TORONTO — Mike (Pinball) Clemons came to Canada in 1989 expecting to stay a couple of years and get football out of his system. Some 27 years later, he’s a Canadian citizen and will soon be a member of Canada’s Sports Hall of Fame.
Clemons, 51, was among six athletes named for induction Tuesday. The others were Hockey Hall of Famer Bryan Trottier, world champion curler Colleen Jones, Paralympian Stephanie Dixon, cross-country skier/kayaker Sue Holloway and short-track speedskater Annie Perreault.
Dr. Frank Hayden, who created the Special Olympics, will enter as a builder. The formal induction ceremony is set for Nov. 1.
Clemons joined the Toronto Argonauts after one season with the NFL’s Kansas City Chiefs. The five-foot-seven 170-pound running back wasn’t expecting to stay long.
"I played one year in the NFL and had a job with Honeywell, and they were going to pay for me to get my MBA and so I had life figured out," Clemons said. "But I couldn’t get this football thing out of me so I said, ‘I’m going to come up here and play a couple of years and get it out of my system.’
"So, this is a couple of years later right?"
Clemons played 12 seasons in Toronto, winning three Grey Cups (1991, ’96 and ’97). The two-time CFL all-star was the league’s outstanding player in 1990 after accumulating a league-record 3,300 all-purpose yards.
Former Argos coach Bob O’Billovich gave Clemons his nickname because of his shifty running style and ability to bounce off tackles. Clemons retired in 2000 as the CFL’s all-time leader in combined yards (25,438).
However, he wasn’t finished with football as Clemons later assumed Toronto’s head-coaching duties. He became the CFL’s first black head coach to win a Grey Cup (2004) and left the sidelines three years later with a 68-55-1 record — the second-most victories in club history behind O’Billovich (89) — and remains with the Argos as vice-chair.
Clemons received the Order of Ontario in 2001 and is a member of both the Canadian Football Hall of Fame and Ontario Sports Hall of Fame. The Argos have retired his No. 31 and last year he became a Canadian citizen.
The always upbeat Clemons was all smiles when introduced as the first inductee but became emotional discussing the influence his mother, Anna Maria Bryant, had on him as a single parent.
"She is more responsible than I am for me receiving this great honour," Clemons said. "She sacrificed everything for me to be able to thrive in life.
"Having a wife of 23 years and three girls, my life is filled with these wonderful, powerful women and to share the stage with four here is absolutely amazing. So, I just want to send a shoutout, ‘Girl power."’
Trottier, 59, won four Stanley Cups with a New York Islanders team that dominated the NHL in the early 1980s. He added two more with the Pittsburgh Penguins and was an assistant coach with the Cup-winning Colorado Avalanche in 2001.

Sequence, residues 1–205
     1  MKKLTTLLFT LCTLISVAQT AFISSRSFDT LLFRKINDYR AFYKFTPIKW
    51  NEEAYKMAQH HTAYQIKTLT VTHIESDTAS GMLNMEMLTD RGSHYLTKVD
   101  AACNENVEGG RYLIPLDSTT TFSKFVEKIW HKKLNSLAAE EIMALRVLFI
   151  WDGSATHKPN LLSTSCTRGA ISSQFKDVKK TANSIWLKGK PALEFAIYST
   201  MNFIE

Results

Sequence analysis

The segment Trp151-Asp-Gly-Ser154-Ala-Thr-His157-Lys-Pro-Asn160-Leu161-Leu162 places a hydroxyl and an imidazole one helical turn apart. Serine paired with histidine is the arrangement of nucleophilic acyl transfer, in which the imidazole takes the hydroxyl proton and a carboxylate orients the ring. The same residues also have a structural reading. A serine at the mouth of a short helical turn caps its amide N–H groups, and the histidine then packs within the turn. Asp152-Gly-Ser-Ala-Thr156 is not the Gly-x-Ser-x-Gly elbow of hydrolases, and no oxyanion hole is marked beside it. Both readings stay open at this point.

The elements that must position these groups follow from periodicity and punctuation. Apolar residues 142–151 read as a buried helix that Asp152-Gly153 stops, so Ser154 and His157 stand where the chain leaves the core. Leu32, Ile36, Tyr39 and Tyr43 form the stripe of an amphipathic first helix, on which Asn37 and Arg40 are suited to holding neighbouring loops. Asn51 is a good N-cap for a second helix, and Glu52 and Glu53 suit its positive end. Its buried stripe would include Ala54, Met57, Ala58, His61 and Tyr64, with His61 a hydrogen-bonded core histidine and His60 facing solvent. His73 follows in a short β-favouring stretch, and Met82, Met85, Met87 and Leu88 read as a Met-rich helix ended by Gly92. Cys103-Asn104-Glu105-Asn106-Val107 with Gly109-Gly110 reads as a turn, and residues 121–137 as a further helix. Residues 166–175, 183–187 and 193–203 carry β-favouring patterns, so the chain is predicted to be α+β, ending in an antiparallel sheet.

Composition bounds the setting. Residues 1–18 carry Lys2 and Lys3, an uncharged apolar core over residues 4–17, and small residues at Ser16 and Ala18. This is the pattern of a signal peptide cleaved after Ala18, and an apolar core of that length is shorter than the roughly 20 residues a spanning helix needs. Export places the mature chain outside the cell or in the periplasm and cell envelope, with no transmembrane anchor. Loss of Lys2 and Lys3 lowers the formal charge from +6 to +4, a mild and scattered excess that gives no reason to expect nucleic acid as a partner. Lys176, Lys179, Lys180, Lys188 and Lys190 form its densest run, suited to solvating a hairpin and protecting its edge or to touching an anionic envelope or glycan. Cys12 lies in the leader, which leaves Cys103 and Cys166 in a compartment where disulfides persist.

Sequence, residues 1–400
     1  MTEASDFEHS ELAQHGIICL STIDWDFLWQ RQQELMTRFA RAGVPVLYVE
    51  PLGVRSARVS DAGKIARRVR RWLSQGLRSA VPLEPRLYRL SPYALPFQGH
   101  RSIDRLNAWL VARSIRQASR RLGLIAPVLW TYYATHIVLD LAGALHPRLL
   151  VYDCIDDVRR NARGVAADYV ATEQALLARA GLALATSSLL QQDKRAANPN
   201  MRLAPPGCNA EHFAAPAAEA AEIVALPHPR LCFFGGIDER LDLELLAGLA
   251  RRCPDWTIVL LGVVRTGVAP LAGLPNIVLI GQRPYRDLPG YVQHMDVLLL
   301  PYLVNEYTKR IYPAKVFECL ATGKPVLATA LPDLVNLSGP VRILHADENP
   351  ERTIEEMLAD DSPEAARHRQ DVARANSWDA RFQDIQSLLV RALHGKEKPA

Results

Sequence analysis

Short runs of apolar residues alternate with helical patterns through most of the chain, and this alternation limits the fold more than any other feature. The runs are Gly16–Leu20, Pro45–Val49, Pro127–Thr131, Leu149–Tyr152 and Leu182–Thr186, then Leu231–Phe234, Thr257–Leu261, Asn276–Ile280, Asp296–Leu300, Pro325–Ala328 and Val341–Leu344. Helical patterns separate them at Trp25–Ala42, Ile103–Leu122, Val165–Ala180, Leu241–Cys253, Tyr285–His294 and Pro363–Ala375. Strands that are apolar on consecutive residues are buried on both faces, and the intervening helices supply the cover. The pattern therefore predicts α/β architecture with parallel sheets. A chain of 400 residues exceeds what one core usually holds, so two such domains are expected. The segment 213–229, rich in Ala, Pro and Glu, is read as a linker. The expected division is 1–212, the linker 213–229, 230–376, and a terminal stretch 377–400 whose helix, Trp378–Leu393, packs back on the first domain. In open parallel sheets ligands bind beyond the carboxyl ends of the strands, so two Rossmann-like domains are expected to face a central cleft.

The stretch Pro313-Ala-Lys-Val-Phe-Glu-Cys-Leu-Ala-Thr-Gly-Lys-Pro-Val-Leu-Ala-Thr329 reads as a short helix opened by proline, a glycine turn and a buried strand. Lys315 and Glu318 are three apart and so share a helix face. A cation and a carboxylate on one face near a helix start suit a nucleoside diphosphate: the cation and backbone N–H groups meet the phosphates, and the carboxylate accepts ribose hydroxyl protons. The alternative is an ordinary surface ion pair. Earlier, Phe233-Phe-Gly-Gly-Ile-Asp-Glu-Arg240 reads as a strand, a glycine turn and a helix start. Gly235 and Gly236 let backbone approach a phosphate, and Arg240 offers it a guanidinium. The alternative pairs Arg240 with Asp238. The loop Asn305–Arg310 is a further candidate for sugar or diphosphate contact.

The nine-time all-star was named to the Hockey Hall of Fame in 1997 but called Tuesday’s induction "probably my highest honour as an individual and athlete."
"It’s wonderful to be recognized by your home country," said the native of Val Marie, Sask. "I was born here, I was raised here, Canada will always be home.
"To be able to win with two different teams and two organizations and so many wonderful athletes who were not only great teammates but great friends who remain great friends today … it was a magical ride."
Jones, 56, led Canada to world women’s curling titles in 2001 and 2004 and skipped her Halifax rink to six Canadian women’s championships. She earned an unprecedented four straight national titles (2001-’04) and a record 138 wins as a skip.
Dixon, of Brampton, Ont., was born without her right hip and leg but the three-time Paralympian captured 19 Paralympic medals (seven gold, 10 silver, two bronze) and seven Parapan American medals (six gold, one silver). She won five swimming gold medals at the 2000 Sydney Paralympics and added Paralympic golds in the S9 100-metre backstroke in 2004 and 2008.
Perreault, 44, a three-time Olympian from Rock Forest, Que., won four world championships (1990, 1991, 1992 and 1997) with the Canadian women’s 3,000-metre relay team. She captured Olympic gold at the 1992 Albertville Games (3,000-metre relay) and ’98 Nagano Games (500 metres).
Holloway, 60, of Halifax, became the first woman to compete in two Olympics in the same year when she appeared in the 1976 Summer Games (canoe) and Winter Games (cross-country skiing). She was named Canada’s flag-bearer for the 1980 Summer Games in Moscow but was denied that chance when Canada boycotted the competition.
Holloway won silver and bronze in kayaking at the 1984 Los Angeles Olympics. She was inducted into the Canadian Olympic Hall of Fame in 1986.
Hayden, a Windsor, Ont., native, founded the Special Olympics in the late 1960s and later created Special Olympics International. Today, over 4.4 million athletes from more than 170 countries compete in the Special Olympics.
In 1997, Hayden was made an honorary and permanent member of the Canadian Olympic Association. He was named an officer of the Order of Canada in 2000 and a member of the Order of Ontario in 2010.